Last Week in Foreign Affairs (October 1 - October 7)

Saudi-American Journalist Believed to Have Been Assassinated by Saudi Arabian Government

Missing journalist Jamal Khashoggi ( Image )

Missing journalist Jamal Khashoggi (Image)

A Saudi-American journalist is believed to have been killed in the Saudi consulate in Ankara last week, a charge that Saudi Arabia vehemently denies. Jamal Khashoggi is a dual Saudi-American citizen who once rubbed elbows with  the rich and powerful in Saudi politics. In response to the rise of crown prince Mohammad bin Salman, Khashoggi fled to the United States and became a contributing writer for the Washington Post. Many of his articles attempted to sound alarms over the increasing autocratic nature of Salman. On Tuesday, Khashoggi entered the Saudi consulate in Turkey to pick up marriage documents while his fiancee waited in the car. He never came out. Additionally, Turkish police tracked an unusual amount of Saudi officials visiting the country at the same time Khashoggi was scheduled to pick up his documents. The Saudis for their part claim that Khashoggi actually left the compound soon after he entered. Turkish police have observed surveillance cameras in the area and claim that they show no sign of his exit from the consulate, but the Saudi’s maintain that such observations are “false”. The American response has been largely cautionary, considering that both Turkey and Saudi Arabia are important regional allies.

The First Chinese Head of Interpol Has Disappeared

A statement from Interpol posted on Twitter ( Image )

A statement from Interpol posted on Twitter (Image)

The first Chinese head of Interpol Meng Hongwei, an international law enforcement cooperative based in France, has been missing for almost a week. The Chinese Communist Party announced on Sunday that the president was under investigation on “suspicion of violating the law” and is “under the supervision” of a party anti-corruption unit. For The Central Commission for Discipline Inspection, which monitors citizens for party disloyalty among other responsibilities,  the abduction and detainment of such a prominent member of the international community is a stunning move even considering the increasingly authoritarian standards of the party under Xi. Hours after the announcement, Interpol received a resignation purportedly written by Mr. Meng. Mr. Meng’s wife, who has received and reported death threats targeting herself and her husband, received a chilling text from her husband hours before the announcement was made. Mr. Meng texted her “wait for my call,” followed by a knife emoji four minutes later. The call never came, and these disturbing texts are the last contact anyone has received from Mr. Meng.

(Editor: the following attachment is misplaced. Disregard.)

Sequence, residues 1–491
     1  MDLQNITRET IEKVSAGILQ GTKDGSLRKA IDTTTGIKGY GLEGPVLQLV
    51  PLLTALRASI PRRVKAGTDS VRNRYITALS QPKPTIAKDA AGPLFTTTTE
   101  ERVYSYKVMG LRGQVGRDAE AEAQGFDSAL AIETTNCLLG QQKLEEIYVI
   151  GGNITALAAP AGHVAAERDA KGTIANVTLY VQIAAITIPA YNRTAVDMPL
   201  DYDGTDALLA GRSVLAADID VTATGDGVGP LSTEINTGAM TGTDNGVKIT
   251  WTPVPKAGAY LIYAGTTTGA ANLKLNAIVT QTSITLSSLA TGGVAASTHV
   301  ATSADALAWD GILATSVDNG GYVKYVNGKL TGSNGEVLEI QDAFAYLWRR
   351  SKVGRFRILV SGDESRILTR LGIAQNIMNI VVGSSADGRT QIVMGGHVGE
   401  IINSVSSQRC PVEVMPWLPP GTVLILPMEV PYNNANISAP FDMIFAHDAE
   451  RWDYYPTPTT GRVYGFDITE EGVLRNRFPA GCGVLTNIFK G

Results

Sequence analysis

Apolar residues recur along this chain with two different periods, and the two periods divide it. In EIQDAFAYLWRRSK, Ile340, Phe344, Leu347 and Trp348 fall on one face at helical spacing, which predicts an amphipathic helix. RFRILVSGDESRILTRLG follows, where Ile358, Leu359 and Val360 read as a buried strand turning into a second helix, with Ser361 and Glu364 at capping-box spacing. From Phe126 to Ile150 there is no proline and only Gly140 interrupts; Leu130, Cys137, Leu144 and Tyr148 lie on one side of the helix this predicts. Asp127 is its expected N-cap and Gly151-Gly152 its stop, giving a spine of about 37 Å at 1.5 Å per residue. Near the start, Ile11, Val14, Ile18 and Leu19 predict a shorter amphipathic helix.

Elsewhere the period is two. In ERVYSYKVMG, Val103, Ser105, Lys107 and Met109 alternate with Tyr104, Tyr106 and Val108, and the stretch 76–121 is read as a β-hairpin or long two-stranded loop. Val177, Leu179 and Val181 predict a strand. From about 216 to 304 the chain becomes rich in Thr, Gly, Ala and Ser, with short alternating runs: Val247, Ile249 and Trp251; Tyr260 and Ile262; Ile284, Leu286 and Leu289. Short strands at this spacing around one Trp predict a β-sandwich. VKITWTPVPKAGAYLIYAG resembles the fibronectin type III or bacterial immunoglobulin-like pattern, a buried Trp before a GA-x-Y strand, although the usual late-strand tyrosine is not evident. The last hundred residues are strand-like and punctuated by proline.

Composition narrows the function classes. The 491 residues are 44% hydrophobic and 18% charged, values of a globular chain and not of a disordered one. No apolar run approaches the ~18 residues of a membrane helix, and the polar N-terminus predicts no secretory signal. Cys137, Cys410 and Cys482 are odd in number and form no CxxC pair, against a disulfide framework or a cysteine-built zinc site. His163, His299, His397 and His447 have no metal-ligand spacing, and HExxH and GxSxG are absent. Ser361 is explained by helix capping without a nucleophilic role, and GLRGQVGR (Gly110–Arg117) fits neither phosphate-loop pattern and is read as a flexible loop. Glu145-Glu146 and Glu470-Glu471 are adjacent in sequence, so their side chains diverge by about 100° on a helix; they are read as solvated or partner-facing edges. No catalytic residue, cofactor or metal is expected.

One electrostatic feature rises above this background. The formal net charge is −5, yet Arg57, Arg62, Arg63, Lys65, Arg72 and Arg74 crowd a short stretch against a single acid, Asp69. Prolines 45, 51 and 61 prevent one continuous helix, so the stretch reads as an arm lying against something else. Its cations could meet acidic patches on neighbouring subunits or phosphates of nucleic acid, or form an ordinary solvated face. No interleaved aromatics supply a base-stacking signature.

Brazilians Head to the Polls in a Presidential Election Fraught with Drama and Deception

Brazilians will vote in one of the most contentious presidential elections of the past three decades on Sunday. Jair Bolsonaro is a right-wing Trump-Duterte type candidate who once told a congresswoman that she did not deserve to be raped because she was “very ugly.” He furthermore claimed that he would rather see his son “die in an accident” than come home with another man. His challenger Fernando Haddad became the default Worker’s Party candidate after former president Luiz Inacio Lula da Silva was barred from running due to a 12 year prison sentence for corruption and money laundering. Lula, who left office with an astounding 90% approval rating, vehemently denies the charges and claims he is the victim of a right-wing political conspiracy. The election itself will most likely lead to a runoff because of failure to meet the 50% threshold. Voting is compulsory in Brazil, and the country faces a national referendum over its political direction. Whether Brazil wants to retain its vaguely socialist policies that have lifted millions out of poverty, or change to the “drain-the-swamp” candidate to combat corruption and restore law and order remains to be seen.

Complex Russian Cyber Warfare Operation Exposed by the Netherlands

The Dutch government on Friday released a myriad of details about Russia’s complicated and sophisticated attacks on international watchdogs. One group targeted was the Organization for the Prohibition of Chemical Weapons due to their investigation into the chemical attacks in the UK. GRU, as the Russian intelligence agency is known, sent half a dozen agents to the Netherlands in an attempt to perform what is called a “close-access hack operation”. In this type of attack, hackers sit within range of a building’s wifi and attempt to break through and acquire credentials and passwords.These reports were released on the same day that the UK accused GRU of cyber attacks on a global scale, as well as the same week that the US indicted seven Russians thought to be complicit in these attacks. Russia has, as usual, denied any knowledge of such a plot. When presented with the hundreds and thousands of pages of investigative material compiled by the Western countries, Russian Foreign Ministry spokesperson Maria Zakharova claimed the documents were “fake news”, saying “The rich imagination of our UK colleagues truly knows no limits. Who comes up with this?” The Kremlin spokesperson concurred, saying that Western governments were driven by “hysteria” and “spy phobia”. The US is considering new sanctions on Russia in response to the new allegations.